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By Saphora Smith and Richard Engel
PARIS – The beekeeper of Notre Dame Cathedral is in limbo waiting to hear the fate of his 18,000 bees after the devastating fire tore through the church.
Nicolas Géant is hoping that the bees, that live in hives on the roof of the sacristy, survived the inferno.
“If you look at the photos from the sky you see that everything is burnt, there are holes in the roof, but you can still see the three bee hives,” Géant told NBC News Wednesday.
The 51-year-old beekeeper – who keeps bees across France and in California – has been unable to check on the colonies since the fire broke out Monday ravaging the world-famous cathedral.
“The policeman and fireman won’t let me go up there,” he said with frustration.
The investigation into the fire continued Wednesday with no more clues as to how the fire broke out. More details as to the extent of the damage inside the cathedral’s magnificent stone walls trickled out, with firefighters warning that there is still a real risk that the building might collapse.
Sixty fire personnel are currently onsite and monitoring for any “hot spots” that could weaken the already ravaged structure, Lt. Col. Gabriel Plus told reporters at a press conference Wednesday.
But there is still no news of the bees.
Géant said he has been flooded with messages from all around the world asking if the insects had survived the fire. “I will try again tomorrow,” he said.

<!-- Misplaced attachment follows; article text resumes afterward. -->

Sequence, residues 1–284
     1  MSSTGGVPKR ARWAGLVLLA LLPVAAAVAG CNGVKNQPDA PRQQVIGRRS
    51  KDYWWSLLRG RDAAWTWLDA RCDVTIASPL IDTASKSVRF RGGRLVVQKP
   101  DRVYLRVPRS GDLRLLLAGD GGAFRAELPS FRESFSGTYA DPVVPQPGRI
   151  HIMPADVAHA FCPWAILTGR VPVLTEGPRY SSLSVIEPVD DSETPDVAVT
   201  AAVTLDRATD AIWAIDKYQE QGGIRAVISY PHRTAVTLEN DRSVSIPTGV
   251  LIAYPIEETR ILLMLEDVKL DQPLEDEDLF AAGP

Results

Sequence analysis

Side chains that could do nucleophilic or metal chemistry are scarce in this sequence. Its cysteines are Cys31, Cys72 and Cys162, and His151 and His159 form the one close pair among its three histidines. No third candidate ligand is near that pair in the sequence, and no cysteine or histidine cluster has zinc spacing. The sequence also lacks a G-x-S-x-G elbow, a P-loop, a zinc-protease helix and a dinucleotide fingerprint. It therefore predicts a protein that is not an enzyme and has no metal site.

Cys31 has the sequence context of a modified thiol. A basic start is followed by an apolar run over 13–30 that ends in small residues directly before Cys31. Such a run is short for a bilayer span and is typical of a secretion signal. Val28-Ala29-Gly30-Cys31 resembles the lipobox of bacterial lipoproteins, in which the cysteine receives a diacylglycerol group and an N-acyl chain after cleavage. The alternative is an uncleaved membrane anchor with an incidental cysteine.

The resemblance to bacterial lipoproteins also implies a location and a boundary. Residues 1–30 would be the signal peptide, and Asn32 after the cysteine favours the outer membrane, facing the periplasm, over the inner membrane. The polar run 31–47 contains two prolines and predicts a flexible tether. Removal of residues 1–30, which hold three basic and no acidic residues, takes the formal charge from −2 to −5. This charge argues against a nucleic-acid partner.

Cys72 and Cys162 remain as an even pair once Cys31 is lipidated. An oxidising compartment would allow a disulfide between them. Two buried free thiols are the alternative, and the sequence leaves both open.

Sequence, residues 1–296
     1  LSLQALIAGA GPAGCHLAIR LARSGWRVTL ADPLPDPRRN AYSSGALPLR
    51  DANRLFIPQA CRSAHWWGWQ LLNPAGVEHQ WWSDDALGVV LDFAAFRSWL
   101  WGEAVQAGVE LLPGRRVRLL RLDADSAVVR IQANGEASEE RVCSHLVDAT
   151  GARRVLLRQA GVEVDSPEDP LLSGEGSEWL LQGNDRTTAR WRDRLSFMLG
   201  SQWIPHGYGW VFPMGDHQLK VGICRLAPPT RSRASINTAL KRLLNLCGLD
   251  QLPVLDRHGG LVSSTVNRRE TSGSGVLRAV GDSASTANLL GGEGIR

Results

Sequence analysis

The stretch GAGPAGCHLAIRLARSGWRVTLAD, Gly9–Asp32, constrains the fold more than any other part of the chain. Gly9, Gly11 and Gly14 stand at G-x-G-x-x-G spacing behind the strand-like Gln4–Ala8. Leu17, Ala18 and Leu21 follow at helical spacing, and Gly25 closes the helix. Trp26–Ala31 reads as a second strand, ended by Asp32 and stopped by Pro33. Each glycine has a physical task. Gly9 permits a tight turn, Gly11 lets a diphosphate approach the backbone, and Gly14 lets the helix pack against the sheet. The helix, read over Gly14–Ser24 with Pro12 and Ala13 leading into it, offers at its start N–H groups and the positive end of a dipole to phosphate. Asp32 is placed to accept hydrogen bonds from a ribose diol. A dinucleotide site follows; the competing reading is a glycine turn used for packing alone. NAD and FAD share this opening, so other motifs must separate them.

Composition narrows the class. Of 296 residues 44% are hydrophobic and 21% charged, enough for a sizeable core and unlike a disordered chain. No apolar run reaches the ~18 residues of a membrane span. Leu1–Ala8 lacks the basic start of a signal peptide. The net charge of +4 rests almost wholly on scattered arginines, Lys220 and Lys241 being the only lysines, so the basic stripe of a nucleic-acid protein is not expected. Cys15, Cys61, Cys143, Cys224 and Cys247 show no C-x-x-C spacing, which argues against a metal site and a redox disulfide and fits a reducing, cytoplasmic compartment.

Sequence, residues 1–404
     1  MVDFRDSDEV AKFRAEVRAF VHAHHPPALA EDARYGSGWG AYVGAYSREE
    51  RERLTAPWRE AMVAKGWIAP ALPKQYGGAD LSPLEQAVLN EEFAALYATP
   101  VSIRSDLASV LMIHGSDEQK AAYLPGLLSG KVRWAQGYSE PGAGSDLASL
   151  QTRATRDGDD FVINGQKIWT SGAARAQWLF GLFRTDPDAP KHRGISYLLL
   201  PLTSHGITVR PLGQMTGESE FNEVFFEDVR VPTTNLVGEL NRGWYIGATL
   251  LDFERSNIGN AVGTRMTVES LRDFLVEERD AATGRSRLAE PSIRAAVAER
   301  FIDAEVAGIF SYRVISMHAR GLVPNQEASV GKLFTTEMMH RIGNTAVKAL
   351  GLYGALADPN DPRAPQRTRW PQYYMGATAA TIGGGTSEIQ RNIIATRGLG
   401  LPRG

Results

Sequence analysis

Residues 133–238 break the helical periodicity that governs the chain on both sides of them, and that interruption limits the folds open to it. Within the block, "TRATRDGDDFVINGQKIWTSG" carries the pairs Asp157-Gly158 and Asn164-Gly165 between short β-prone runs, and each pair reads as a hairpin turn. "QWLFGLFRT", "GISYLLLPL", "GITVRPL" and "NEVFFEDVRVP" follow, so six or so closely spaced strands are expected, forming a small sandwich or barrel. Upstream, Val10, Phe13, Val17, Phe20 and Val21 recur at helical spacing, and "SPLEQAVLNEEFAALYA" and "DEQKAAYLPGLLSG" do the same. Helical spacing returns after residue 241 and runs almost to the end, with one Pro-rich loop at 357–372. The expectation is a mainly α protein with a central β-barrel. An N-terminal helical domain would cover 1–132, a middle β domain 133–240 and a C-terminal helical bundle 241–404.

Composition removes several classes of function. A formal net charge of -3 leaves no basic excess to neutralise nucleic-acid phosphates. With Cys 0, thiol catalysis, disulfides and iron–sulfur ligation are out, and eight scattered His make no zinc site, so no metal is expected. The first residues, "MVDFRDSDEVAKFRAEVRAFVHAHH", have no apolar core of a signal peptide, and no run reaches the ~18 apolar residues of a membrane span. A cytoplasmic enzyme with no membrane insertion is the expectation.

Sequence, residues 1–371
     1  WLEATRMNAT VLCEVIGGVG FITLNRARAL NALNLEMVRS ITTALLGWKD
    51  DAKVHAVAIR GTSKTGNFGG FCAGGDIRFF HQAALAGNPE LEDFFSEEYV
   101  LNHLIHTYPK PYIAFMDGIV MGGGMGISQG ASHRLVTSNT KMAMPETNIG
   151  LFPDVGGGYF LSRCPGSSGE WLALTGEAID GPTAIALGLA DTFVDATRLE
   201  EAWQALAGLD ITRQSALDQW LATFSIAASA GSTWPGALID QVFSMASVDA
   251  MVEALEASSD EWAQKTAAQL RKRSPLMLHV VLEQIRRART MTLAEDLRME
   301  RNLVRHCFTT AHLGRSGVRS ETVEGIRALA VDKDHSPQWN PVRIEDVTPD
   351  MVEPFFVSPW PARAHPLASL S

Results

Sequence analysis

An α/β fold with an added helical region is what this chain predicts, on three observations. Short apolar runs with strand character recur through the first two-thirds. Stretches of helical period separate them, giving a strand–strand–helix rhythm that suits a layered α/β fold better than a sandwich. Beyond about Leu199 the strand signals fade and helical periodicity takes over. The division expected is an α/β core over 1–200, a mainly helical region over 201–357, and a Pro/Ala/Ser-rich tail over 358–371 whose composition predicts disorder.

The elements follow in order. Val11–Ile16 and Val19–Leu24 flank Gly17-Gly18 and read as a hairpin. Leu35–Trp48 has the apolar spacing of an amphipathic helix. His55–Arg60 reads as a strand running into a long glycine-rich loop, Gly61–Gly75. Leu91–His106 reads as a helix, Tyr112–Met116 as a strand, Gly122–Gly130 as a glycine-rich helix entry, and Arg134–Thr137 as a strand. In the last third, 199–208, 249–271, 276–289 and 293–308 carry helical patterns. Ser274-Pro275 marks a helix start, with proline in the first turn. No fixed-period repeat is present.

The bee-enthusiast said it had always been his dream to keep bees on the roof of “the most beautiful church in the world” and in 2012 that dream came true.
“There is a historic relationship between bees and the church, for a long time they used the wax from the bees to make the candles,” he explained.
The beekeeper is not the only person connected to Notre Dame who is struggling to move on after the fire destroyed a piece of their life. Olivier De Châlus, the chief tour guide at the cathedral, struggled Wednesday to look at the wreckage without welling up.
“It is my home,” he told NBC News, standing on the banks of the Seine.
“This church is really a friend for me, I know the church as you can know a person – I spent so much time going to look at her and to find all the details that no one ever saw before,” he said.
Châlus, who is also researching a PHD on the medieval construction of Notre Dame, said for seven hours he could not prize his eyes away from the burning cathedral. The next day it took him four hours to muster the courage to walk through the doors and see the damage.
“This church is my life, it’s my parish first, it’s the place I work as a guide,” he said.
On walking through the front doors of the cathedral, Châlus said he felt the wind rush up against his back, down the cathedral and through the hole in the roof. “It was like the wind of ruins,” he said.
He noticed that the light had changed because of the gaping hole in the roof and saw water all over the floor which reflected the light from the sky.
“The color of the walls were pale like the face of someone who had just died,” he said.
As evening turned to night on the Left Bank of the Seine, people continued to mill around the cathedral. Some took photos, others sat on café terraces enjoying the mild April air. And on a bridge facing the most damaged end of the cathedral five people sang choral music in tribute to this architectural triumph.